A Light Touch
A Light Touch
The HTC TyTN II has seen its fair share of action in recent months, fulfilling the hype that came with it. Many would have thought that the TyTN II would be the undisputed pack rat for the smartphones of 2007, but the ASUS P750 could prove to be a worthy contender.
Featherweight Design, Heavyweight Performance
ASUS stays true to its simple, candybar form factor design, packing impressive specifications into a light weight 130g body. What truly shines with the P750 is its array of specifications that includes a high speed Marvell PXA270M 520MHz CPU, one of the highest speed processors we've seen in current smartphones. However, while it outshines the TyTN II in the CPU department, the P750 takes a beating with its lower 64MB RAM capacity, half the size of what the TyTN II offers. So what we get is a compromise of slower application speeds due to its heavily discounted memory size, which impacts its ability to handle multiple open applications with more efficiency.
Building upon its predecessor, the P735's success as a smartphone that offers top of the line functionality, the P750 comes with a galore of functions that adds HSDPA and GPS (utilizing a SiRF Star III chip) to more common functions such as Wi-Fi and Bluetooth 2.0 that you see on most smartphones.
Additional bells and whistles for the P750 include applications such as a business card scanner and a 3-megapixel camera with auto-focus capable of pretty good image quality. However, the lack of built-in flash makes night shots impossible. Users also need to be careful of battery life. With everything enabled, we've got the phone down flat with less than a day of average cellular activity.
Audio options are available through 2.5mm jack or Bluetooth stereo with A2DP profile support. To the right, you've got the power button, soft reset and oddly enough, a microSD expansion slot that comes without a protective cover, leaving the slot exposed to the elements.
A Keypad Less Traveled
Nonetheless, the P750 does hold its weight well (pun intended), running on Windows Mobile 6 Professional, which in layman terms mean touch screen input. This moves us to another of the P750's strong points. The phone has a score of navigation option available, from its regular keypad to a 5-way directional block, a jog dial and finally its 2.6-inch touch screen display.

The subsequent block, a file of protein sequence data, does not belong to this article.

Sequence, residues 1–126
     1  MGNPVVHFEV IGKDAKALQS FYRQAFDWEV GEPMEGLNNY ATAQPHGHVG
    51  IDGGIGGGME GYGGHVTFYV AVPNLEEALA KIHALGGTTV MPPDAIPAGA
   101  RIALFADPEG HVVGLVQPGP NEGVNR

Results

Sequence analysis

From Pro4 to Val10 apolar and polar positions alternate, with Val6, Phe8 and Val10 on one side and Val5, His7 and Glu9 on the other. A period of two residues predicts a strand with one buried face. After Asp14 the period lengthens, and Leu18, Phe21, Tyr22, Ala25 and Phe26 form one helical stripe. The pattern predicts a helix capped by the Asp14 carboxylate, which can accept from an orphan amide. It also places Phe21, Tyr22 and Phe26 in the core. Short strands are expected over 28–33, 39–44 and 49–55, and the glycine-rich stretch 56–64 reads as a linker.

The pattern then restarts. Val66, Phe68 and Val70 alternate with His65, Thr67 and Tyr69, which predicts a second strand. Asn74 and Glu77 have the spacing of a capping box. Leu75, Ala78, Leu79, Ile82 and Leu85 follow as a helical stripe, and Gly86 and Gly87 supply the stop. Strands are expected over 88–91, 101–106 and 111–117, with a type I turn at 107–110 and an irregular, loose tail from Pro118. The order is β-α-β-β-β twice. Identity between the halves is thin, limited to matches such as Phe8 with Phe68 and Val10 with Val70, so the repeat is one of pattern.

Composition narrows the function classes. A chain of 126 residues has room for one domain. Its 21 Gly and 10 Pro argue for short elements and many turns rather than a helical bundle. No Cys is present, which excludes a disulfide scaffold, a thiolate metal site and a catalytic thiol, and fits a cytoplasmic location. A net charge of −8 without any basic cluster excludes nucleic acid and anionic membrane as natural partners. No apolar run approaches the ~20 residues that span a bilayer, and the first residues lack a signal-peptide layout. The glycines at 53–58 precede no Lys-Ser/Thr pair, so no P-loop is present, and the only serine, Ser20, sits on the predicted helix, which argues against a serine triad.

The keypad on the P750 is not exactly a full fledged QWERTY keyboard, but is well implemented for ease of use with an evenly spread weight balance so you don't get the top-heavy feeling while texting like you do from the HTC Touch Dual. Of special note however, is the touch screen itself, which was surprisingly lacking in sensitivity, requiring an ample amount of force to register proper input when using the stylus. This makes navigation quite a clunky affair, and you'd probably attract a fair number of stares from bystanders thinking you're stabbing your phone.
The ASUS P750 sets itself up as a lightweight smartphone that is heavy on network features such as HSDPA and GPS. ASUS has the formula right on paper, but there are still a number of usability quirks that need to be worked on. Its S$1188 (~US$820) price tag makes it quite an exclusive phone as well. Nevertheless, the ASUS P750 offers much for the consumers, and is a smartphone that holds itself well against strong contenders of its category.